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Showing 1 through 5 of 64 records.
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2009 - ASC Annual Meeting Words: 176 words || 
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1. Chaudhuri, Soma. "In Search of a “Credible” Witch: Contemporary Witch Hunts in the Tea Plantations of India" Paper presented at the annual meeting of the ASC Annual Meeting, Philadelphia Marriott Downtown, Philadelphia, PA, Nov 03, 2009 <Not Available>. 2019-12-09 <http://citation.allacademic.com/meta/p372627_index.html>
Publication Type: Conference Paper/Unpublished Manuscript
Review Method: Peer Reviewed
Abstract: Using qualitative data from forty in-depth interviews, this paper attempts to explore two levels of analysis on contemporary witch hunts. The first level of analysis is focused on gender and the victim of witch hunt. The questions that this paper attempts to answer are: Who is defined as a “witch” in the community, and how does gender play a role in the identification? What characteristics define a credible deviant? The second level of analysis is focused at the broader community, and its reaction on witch hunts. I use the concept of “dual deviance” and Stinchcombe’s (1968) analysis on the logic of functional explanation adapted by Jensen (2007) to explain witch hunts. In tribal societies threat to society and some of its members can occur in the form of diseases or illnesses. This undermines security in the society, and elicits a response in hunting for a scapegoat that would take the blame for undermining the stability in the community. The scapegoat takes the form of witches, and the fear displacing response takes the form of witch hunts.

2016 - The 62nd Annual Meeting of the Renaissance Society of America Words: 150 words || 
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2. Wanninger, Jane. ""Enchanting Words": Witches, Women, and Interrogation in The Late Lancashire Witches" Paper presented at the annual meeting of the The 62nd Annual Meeting of the Renaissance Society of America, Park Plaza Hotel and Hynes Convention Center, Boston, MA, <Not Available>. 2019-12-09 <http://citation.allacademic.com/meta/p1048802_index.html>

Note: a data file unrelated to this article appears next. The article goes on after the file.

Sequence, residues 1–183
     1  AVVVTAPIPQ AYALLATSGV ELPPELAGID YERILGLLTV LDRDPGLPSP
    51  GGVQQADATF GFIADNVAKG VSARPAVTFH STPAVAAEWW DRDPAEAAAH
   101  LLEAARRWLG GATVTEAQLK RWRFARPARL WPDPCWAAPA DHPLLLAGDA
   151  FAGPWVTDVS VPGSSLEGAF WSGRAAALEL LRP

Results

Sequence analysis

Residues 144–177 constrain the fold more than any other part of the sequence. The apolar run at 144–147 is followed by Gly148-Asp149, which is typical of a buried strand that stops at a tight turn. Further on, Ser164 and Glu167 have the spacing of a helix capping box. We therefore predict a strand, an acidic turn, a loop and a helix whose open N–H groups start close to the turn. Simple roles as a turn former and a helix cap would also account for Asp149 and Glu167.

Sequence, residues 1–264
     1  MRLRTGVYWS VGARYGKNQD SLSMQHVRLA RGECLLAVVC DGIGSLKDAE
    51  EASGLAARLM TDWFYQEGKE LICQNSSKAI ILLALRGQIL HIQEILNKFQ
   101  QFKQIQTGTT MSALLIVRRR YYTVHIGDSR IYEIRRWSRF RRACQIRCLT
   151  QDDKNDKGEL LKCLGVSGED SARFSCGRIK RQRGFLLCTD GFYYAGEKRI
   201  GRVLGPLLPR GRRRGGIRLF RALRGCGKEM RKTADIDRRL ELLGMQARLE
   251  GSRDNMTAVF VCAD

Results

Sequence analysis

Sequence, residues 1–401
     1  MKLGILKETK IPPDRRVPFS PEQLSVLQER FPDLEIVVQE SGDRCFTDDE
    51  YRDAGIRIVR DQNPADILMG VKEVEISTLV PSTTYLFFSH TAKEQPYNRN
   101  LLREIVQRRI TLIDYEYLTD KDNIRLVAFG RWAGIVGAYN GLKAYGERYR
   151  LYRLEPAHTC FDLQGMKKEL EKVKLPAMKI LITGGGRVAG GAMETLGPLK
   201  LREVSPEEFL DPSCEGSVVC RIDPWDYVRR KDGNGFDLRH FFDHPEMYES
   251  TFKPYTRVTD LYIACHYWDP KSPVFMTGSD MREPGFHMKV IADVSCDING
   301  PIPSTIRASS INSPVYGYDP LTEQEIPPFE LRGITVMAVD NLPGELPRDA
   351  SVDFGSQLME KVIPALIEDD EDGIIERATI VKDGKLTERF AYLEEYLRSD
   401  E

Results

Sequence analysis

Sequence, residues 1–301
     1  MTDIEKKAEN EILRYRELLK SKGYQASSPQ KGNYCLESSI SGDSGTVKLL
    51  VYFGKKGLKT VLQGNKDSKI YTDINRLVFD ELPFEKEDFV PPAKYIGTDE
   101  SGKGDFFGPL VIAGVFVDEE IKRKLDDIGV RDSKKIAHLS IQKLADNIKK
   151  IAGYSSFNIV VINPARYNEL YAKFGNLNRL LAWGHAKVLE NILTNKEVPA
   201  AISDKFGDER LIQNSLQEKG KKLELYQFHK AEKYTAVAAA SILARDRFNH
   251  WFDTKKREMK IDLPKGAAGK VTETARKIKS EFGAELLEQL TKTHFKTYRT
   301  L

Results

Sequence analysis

Publication Type: Panel Paper
Abstract: In 1633, a Lancashire boy accused twenty individuals of witchcraft; most were convicted, and at least one woman confessed to the crime. By the following summer, the boy recanted his accusation under pressure from the Crown, though the women remained imprisoned. Heywood and Richard Brome’s 1634 play The Late Lancashire Witches dramatizes this real world case through a blend of festive comedy and domestic tragedy that places the agency of women—as wives and witches alike—squarely on trial. As women are interrogated in various ways throughout the play, a tension emerges: though the process of interrogation asks them to speak for themselves, these exchanges are inevitably shaped by generic expectations of plot and social convention. This paper traces that tension, arguing that generic and performative self-awareness plays a key role in women’s agency in these scenes and revealing the link between witchcraft and domestic tragedy for women on trial.

2007 - NCA 93rd Annual Convention Pages: 26 pages || Words: 7640 words ||